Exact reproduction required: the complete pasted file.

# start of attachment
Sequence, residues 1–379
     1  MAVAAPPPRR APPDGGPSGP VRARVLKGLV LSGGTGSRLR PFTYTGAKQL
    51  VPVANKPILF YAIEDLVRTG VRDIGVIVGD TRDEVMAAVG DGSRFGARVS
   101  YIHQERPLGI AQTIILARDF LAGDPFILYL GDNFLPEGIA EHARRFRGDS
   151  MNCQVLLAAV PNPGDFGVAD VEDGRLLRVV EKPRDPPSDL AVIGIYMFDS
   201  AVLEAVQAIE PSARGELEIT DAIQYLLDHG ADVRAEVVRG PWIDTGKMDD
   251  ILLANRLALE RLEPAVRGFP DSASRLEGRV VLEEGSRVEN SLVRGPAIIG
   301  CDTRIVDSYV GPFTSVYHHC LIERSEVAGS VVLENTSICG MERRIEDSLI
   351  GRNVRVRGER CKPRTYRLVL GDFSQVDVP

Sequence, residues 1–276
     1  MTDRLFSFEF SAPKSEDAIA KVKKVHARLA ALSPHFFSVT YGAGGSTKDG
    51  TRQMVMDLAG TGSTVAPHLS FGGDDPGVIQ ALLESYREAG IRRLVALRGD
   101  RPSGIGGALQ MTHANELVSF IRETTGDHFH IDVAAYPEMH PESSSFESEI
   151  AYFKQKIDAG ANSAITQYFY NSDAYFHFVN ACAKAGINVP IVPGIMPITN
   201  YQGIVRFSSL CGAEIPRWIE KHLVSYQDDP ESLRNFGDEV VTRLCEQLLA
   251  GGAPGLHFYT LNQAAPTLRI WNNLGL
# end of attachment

Sequence, residues 1–379
     1  MAVAAPPPRR APPDGGPSGP VRARVLKGLV LSGGTGSRLR PFTYTGAKQL
    51  VPVANKPILF YAIEDLVRTG VRDIGVIVGD TRDEVMAAVG DGSRFGARVS
   101  YIHQERPLGI AQTIILARDF LAGDPFILYL GDNFLPEGIA EHARRFRGDS
   151  MNCQVLLAAV PNPGDFGVAD VEDGRLLRVV EKPRDPPSDL AVIGIYMFDS
   201  AVLEAVQAIE PSARGELEIT DAIQYLLDHG ADVRAEVVRG PWIDTGKMDD
   251  ILLANRLALE RLEPAVRGFP DSASRLEGRV VLEEGSRVEN SLVRGPAIIG
   301  CDTRIVDSYV GPFTSVYHHC LIERSEVAGS VVLENTSICG MERRIEDSLI
   351  GRNVRVRGER CKPRTYRLVL GDFSQVDVP

Sequence, residues 1–276
     1  MTDRLFSFEF SAPKSEDAIA KVKKVHARLA ALSPHFFSVT YGAGGSTKDG
    51  TRQMVMDLAG TGSTVAPHLS FGGDDPGVIQ ALLESYREAG IRRLVALRGD
   101  RPSGIGGALQ MTHANELVSF IRETTGDHFH IDVAAYPEMH PESSSFESEI
   151  AYFKQKIDAG ANSAITQYFY NSDAYFHFVN ACAKAGINVP IVPGIMPITN
   201  YQGIVRFSSL CGAEIPRWIE KHLVSYQDDP ESLRNFGDEV VTRLCEQLLA
   251  GGAPGLHFYT LNQAAPTLRI WNNLGL